Weslie Langton, who has been cast as the lead in a summer production at Fort Totten Little Theatre, said “Rock of Ages” will be something for people to look forward to with the loss of theatrical and other arts opportunities due to COVID-19.
“I think it’ll be really nice just to have something going on,” Langton said. For audience members, “it will be something really fun to experience.”
Across the state, many theater programs and other regular offerings in the performing arts are on hold or adjusting in different ways as the COVID-19 pandemic continues into the summer.
Some local theaters such as Sleepy Hollow Theatre & Arts Park in Bismarck and Greater Grand Forks Community Theatre have closed their doors entirely for the season.
Sleepy Hollow officials in a statement last month said the move to cancel the outdoor theater for the season was made on the advice of lawyers.
"As individuals and an organization, we have tried to move forward with thoughts on how to create a safe environment while listening to the scientific facts," officials said. "After long and considered interaction with staff, board, parents, and community members, the fact is that any rehearsal/production creates an unsafe environment."
Information about online classes can be found at www.shtap.org. Shows planned for 2021 are "Frozen Jr." and "Footloose the Musical."
Kirsten Dauphinais, president of the Grand Forks theater, in an online statement explained the financial difficulties facing community theaters across the country. Her theater has suffered from high costs and loss of revenue since February, she said.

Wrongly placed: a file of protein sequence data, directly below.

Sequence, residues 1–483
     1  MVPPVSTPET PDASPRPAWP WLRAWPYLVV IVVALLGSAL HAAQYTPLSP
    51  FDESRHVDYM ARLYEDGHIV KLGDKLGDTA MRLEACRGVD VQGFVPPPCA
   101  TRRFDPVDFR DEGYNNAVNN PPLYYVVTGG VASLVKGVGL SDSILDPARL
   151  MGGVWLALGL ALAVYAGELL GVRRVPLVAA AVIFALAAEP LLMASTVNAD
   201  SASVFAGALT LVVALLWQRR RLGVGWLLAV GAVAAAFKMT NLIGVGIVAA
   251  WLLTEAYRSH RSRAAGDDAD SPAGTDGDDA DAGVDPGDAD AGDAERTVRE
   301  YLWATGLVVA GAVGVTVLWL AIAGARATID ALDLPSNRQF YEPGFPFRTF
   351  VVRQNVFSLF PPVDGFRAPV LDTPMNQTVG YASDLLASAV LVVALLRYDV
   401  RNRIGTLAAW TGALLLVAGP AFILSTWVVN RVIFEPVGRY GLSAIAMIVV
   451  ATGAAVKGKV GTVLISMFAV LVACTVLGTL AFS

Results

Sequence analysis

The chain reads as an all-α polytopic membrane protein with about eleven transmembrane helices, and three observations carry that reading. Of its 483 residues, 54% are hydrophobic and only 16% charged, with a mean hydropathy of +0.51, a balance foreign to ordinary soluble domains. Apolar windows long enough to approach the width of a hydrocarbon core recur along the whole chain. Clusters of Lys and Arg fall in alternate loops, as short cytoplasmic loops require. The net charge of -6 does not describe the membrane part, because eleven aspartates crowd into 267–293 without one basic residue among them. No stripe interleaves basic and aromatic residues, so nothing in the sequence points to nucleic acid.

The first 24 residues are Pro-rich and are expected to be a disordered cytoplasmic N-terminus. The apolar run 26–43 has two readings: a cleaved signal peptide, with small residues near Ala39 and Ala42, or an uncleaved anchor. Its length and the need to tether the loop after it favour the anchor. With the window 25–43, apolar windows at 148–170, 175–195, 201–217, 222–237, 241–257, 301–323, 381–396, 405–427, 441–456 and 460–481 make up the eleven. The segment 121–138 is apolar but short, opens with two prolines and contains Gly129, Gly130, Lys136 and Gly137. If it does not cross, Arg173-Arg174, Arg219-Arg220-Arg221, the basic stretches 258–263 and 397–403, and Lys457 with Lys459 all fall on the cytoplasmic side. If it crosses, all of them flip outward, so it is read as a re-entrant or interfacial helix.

“It is the Board's emphatic intention to keep the theatre in good repair, satisfy all our obligations, and resume programming in various capacities as soon as it is safe to do so,” Dauphinais said.
However, other North Dakota theater programs are carrying on through the summer as normally as they can, including Frost Fire Summer Theatre in Walhalla, which will launch a four-part virtual series starting July 25. Theater-“goers” can enjoy the productions from home until Aug. 21.
The long-running Medora Musical also resumed operations after reopening June 19 for the season with weeknight shows at 7:30 p.m. and Saturday and Sunday shows at 8:30 p.m. A second show on Saturday and Sunday nights began July 4. The show opened with limited capacity and increased spacing between groups.
“We have heard from thousands of folks, that now more than ever, the people of North Dakota need the Medora Musical,” Marketing and Communication Director Justin Fisk said in an online statement earlier this year.
At Fort Totten, the “Rock of Ages” show replaces a planned production of “The Producers.” Director Peter Foss said the theater quickly changed gears when the pandemic made it clear there would be difficulties, opting for a more outdoor-friendly show that was more concertlike.
The show opened Wednesday at Roosevelt Park in nearby Devils Lake. Seating is sold in pods and spaced out to maximize social distancing, and sanitizing stations are made available at the park during the show.
“Honestly, the whole show is a big change from what we’re used to,” Foss said. “Overall, it’s totally going to look different, but I think the experience will still be the same.”
Amidst the pandemic, nationwide protests and all other current events, witnessing musicians play together in her own backyard was a welcomed start to the summer for Grand Forks resident Betty Bloomquist.
“It was wonderful to see them up there enjoying each other and giving us this gift,” she said. “I was pleased that they wanted to share their gifts with us and they could create together with such good feeling.”
Bloomquist has been offering her backyard as a spot for local classical music concerts featuring student musicians since the beginning of the summer as a way to continue experiencing music in the midst of COVID-19. The idea has caught on with other Grand Forks residents, who are scheduling backyard concerts of their own.
As theater and music programs continue in North Dakota in the capacity they can right now, Bloomquist said she will host more upcoming concerts in her backyard and guests have been happy to experience them, even while socially distanced.
“It’s just really kind of amazing how pleasing it is to people,” Bloomquist said. “After these months of confinement, it’s just been a good experience.”
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